Red Wanting Blue prepares to take the Kent Stage



Conner Howard

Making the leap from playing bars and assorted restaurants to playing full-service music venues is a tall order for an until-recently unsigned band, but Columbus folk/rock outfit, Red Wanting Blue, is making an honest attempt.

Red Wanting Blue will bring its eclectic, road-worn sound to the Kent Stage on Saturday, March 12. Band-leader Scott Terry (vocals, tenor guitar, ukulele) has high hopes for the performance, seeing it as a stepping stone out of the cycle of endless bar shows the band is so used to playing. After touring for more than 10 years, Red Wanting Blue is ready to move on to more legitimate, specialized music venues.

“We’re trying to break out of the bar scene one bar at a time,” Terry said. “We’re trying to get into the more and more hard-ticket rooms across the country, certainly in Ohio.”

After having played at House of Blues Cleveland and the Newport Music Hall in Columbus, a logical stop for Red Wanting Blue is the Kent Stage. The band aims to expand its fan base and build a reputation as more than just tavern background noise.

“Almost more important than breaking into new markets for us right now, we’ve really been trying to solidify and strengthen our actual draw and fan base in the places that we do play and the regions we’ve been around,” Terry said. “It’s a tough thing to run around and play music for as long as we have where people think ‘Oh yeah, I know that band.’ When people think we’re a bar band, it’s hard to make them leap into the next thing.”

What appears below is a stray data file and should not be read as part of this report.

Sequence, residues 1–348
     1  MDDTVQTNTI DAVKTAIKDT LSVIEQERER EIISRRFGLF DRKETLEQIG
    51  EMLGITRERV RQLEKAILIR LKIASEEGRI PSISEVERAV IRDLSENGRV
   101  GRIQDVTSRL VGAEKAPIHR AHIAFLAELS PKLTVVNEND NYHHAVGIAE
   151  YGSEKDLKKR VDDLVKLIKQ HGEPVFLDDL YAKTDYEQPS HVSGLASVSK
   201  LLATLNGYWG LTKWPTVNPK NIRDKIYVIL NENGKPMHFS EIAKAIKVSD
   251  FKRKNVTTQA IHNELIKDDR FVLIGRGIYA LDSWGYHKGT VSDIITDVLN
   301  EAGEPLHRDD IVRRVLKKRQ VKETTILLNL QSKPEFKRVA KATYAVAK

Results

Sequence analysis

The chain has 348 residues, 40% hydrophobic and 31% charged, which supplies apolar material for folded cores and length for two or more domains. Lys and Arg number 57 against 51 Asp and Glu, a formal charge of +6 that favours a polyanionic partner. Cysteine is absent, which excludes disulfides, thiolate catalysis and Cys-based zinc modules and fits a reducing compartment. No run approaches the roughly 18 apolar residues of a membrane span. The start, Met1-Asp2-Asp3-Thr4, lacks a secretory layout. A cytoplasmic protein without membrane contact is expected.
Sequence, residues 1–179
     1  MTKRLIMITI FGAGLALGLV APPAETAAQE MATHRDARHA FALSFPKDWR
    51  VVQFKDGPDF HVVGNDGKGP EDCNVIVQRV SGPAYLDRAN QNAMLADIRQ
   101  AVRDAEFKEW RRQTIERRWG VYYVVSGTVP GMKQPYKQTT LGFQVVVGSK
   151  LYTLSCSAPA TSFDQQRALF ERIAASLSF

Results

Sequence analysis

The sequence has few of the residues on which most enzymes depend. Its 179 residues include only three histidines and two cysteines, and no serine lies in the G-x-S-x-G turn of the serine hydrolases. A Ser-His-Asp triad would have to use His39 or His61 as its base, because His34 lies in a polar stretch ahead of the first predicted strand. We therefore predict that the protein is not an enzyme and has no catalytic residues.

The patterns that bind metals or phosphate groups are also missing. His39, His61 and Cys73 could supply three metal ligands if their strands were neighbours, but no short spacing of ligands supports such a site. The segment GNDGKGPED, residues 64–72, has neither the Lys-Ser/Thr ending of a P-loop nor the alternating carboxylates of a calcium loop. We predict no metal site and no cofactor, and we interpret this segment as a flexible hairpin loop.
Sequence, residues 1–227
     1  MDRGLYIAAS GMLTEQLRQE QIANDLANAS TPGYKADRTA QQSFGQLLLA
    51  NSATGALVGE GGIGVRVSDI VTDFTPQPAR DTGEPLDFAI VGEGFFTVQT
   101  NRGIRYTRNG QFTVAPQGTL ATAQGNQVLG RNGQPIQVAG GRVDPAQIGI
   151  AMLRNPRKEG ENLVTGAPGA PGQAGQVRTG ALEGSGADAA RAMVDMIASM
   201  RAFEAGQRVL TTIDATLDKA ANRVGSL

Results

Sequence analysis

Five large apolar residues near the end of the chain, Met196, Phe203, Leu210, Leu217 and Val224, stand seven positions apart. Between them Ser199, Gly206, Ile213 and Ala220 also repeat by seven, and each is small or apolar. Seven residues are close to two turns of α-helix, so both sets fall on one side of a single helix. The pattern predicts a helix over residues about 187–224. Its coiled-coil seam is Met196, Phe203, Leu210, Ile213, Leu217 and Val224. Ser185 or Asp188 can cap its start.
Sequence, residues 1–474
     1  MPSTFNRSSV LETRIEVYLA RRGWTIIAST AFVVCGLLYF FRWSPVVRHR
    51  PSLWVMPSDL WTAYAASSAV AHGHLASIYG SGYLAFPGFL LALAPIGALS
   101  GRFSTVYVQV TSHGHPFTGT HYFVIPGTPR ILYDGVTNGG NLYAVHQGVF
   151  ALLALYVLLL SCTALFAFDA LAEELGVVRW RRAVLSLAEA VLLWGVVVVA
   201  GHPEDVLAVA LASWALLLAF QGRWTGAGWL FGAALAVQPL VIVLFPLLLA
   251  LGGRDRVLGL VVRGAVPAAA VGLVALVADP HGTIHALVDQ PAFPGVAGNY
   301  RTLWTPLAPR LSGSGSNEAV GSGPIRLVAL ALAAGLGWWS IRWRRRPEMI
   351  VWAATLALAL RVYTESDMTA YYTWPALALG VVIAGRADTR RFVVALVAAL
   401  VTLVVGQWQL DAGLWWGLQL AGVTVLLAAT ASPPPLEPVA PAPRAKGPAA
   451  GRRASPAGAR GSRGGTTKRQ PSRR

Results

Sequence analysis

“I think that at the end of the day, there ought to be enough porridge that’s the right temperature for every little bear in the crowd.” -Scott Terry

Although excited about the Kent Stage’s large-yet-intimate setting, Terry expressed concern at the big historical shoes that Red Wanting Blue will be stepping into, playing in the same venue as artists such as Stephen Stills and Pete Best.

“There’s a certain amount of reverence you have to give to a room like that. For a rock band to be able walk in there is great, but at the same time, it’s also nerve-racking because you don’t want to disappoint,” Terry said. “You want to be able to be received in the same way that those other great artists get received.”

Fans and new listeners alike can expect the show to feel like it’s taking place in an antique shop, with the stage adorned with what Terry describes as “Knick-knacks and Americana.” Given the band’s strong ties to the road and all the little things that influence them, Red Wanting Blue’s rustic, cozy stage setup seems only natural.

“We try to make the place look like a living room,” Terry said.

A sound that defies genre and a band that does everything but phone it in means this show could very well be one to remember. Terry said his band follows in the footsteps of larger-than-life musicians such as Tom Petty and Bruce Springsteen as they work hard to emphasis intense, honest music over theatrics. Attendants can expect a broad spectrum of musical styles and experiences from Red Wanting Blue’s performance.

“I think that at the end of the day, there ought to be enough porridge that’s the right temperature for every little bear in the crowd,” Terry said.

Contact Conner Howard at [email protected].